|Headquarters||San Francisco, California, USA|
|Industry||Manga, Digital Comics|
|Alexa rank||9,962,401 (December 2013[update])|
|Type of site||Digital Manga Portal|
JManga is an American website and international online community focused on the promotion, distribution, and monetization of digital comics (specifically manga) as well as the development of other manga related services. Founded in December 2010 and backed by the 36 publishers of the Japanese Digital Comics Association, JManga serves as a legal alternative to scanlation sites and online piracy.
JManga's arose from a strategic alliance between Crunchyroll, Inc. (an internet company specializing in streaming East Asian media) and Bitway Co., Ltd (a subsidiary of Toppan Printing and digital comic distributor) in the summer of 2010 to create the world's first legal, global online manga platform. Originally, the project was envisioned as way to explore mechanisms for economical, sustainable digitization of manga outside of Japan, with the final product to be a white-label online platform for digitized manga (including manga viewer, social media integration, and a downloadable app for mobile devices) to be licensed to local publishers and distributors.
As originally conceived, local distributors would have a number of choices in how to use the JManga platform, with options ranging from simply using the viewer or app to licensing the entire Crunchyroll online publishing and management suite and rebranding it with their logos and graphics.
And where Crunchyroll worked as the technology partner to build the online tools for this venture, Bitway would act as liaison for the publishers of the Japanese Digital Comics Association and local publishers/distributors to help make previously unlicensed content available for those who desired more than their original content. Using its relationships with many of Japan’s key publishers, Bitway would assist licensees of the Crunchyroll manga app in negotiating the rights to a digital license for desired titles - with an emphasis on publishers in the U.S. who had rights to the printed material, as manga licenses are unbundled and additional negotiations for the digital rights would be required for the same material.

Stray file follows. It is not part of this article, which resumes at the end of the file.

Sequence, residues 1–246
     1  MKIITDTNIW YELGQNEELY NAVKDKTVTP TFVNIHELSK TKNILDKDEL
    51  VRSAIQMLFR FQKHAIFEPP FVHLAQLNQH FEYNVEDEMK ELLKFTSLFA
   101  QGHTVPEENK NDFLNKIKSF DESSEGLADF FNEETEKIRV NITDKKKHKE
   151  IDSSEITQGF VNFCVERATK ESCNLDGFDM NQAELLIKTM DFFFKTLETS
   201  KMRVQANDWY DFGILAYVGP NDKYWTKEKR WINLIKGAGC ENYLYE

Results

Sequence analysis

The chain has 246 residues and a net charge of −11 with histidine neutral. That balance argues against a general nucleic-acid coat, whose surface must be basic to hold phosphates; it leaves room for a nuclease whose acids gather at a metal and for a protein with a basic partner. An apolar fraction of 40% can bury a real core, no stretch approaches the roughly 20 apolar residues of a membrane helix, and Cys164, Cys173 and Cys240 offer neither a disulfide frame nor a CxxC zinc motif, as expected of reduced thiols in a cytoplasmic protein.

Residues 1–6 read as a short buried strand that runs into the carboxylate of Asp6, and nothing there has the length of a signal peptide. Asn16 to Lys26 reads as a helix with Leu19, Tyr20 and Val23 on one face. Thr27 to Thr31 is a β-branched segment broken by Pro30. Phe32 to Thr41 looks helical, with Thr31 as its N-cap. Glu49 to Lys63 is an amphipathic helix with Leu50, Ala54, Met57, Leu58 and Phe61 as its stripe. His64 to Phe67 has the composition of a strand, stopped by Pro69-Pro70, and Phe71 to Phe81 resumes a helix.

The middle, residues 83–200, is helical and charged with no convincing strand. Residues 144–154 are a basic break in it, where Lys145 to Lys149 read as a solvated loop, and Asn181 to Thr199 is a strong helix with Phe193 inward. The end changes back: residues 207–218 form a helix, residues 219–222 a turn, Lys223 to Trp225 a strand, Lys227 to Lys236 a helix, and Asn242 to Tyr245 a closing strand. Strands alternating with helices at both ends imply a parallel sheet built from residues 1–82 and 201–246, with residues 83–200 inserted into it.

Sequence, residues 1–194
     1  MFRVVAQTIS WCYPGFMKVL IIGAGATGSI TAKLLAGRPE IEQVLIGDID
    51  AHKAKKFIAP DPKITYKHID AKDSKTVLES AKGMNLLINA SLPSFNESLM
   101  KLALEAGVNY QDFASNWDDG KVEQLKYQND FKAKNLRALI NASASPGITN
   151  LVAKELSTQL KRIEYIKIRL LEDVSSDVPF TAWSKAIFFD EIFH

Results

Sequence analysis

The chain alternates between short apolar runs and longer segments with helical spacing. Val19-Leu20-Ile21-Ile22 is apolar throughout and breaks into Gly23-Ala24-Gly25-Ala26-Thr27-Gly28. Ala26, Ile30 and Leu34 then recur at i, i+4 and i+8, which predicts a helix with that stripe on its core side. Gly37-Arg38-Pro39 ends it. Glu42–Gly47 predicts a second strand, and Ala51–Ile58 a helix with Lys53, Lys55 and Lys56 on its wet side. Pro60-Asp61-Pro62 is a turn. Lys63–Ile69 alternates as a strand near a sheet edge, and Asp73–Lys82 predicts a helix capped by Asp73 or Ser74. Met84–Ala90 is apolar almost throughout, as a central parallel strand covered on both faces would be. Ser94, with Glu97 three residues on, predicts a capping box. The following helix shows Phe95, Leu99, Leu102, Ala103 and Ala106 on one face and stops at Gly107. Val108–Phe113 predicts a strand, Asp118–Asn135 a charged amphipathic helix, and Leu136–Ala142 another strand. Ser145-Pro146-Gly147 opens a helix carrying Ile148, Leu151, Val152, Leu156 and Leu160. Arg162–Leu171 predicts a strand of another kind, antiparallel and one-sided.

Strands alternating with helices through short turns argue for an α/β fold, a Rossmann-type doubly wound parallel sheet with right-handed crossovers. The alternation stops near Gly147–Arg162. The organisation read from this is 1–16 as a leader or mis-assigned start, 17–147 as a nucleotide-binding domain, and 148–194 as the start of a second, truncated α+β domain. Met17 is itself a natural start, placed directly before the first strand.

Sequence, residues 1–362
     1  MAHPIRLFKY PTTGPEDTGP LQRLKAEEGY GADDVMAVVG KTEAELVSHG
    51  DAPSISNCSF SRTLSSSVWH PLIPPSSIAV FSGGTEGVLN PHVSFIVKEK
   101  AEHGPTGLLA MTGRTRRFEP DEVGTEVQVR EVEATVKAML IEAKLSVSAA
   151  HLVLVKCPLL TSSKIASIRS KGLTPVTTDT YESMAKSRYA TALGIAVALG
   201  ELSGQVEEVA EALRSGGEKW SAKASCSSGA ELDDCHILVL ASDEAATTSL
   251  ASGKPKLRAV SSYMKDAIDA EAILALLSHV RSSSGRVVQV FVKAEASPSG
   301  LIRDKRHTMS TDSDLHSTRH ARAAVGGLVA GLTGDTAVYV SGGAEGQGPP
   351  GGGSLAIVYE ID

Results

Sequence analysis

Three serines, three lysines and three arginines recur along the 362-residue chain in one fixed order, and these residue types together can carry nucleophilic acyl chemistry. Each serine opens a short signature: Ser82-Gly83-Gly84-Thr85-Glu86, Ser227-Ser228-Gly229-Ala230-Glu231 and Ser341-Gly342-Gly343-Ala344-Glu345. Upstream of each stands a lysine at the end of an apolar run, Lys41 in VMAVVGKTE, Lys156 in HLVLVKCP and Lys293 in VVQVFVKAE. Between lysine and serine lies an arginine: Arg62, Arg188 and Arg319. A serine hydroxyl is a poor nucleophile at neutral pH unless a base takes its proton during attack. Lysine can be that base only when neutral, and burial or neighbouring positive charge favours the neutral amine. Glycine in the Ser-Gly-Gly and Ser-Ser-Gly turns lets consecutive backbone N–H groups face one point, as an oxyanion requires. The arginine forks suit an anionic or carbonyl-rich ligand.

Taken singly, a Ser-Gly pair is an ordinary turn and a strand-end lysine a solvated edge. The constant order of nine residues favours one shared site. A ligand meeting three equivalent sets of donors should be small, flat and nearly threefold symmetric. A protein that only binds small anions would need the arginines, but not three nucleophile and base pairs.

At the time, the business model was simply to grow the digital manga industry, allowing existing businesses - and hopefuls with enough capital - to start up a digital manga distribution company, with the partnership taking a cut of the revenues for enabling easier and faster-paced development.
More details about the platform became available in July 2011, at San Diego ComiCon 2011, where a panel of Japanese manga editors spoke on the state of manga worldwide, noting while the numbers of fans had increased in the last decade (as measured by attendance at conventions such as Anime Expo, sales had drastically fallen, due to a number of reasons, among them piracy, lack of licensees, and the loss of the Borders bookstore chain. Since the project was first announced, the goal had changed from enabling would-be licensees to start up distribution companies, to simply offering a legal alternative to the numerous scanlation (unauthorized translated scans of Japanese manga) websites that have popped up in recent years.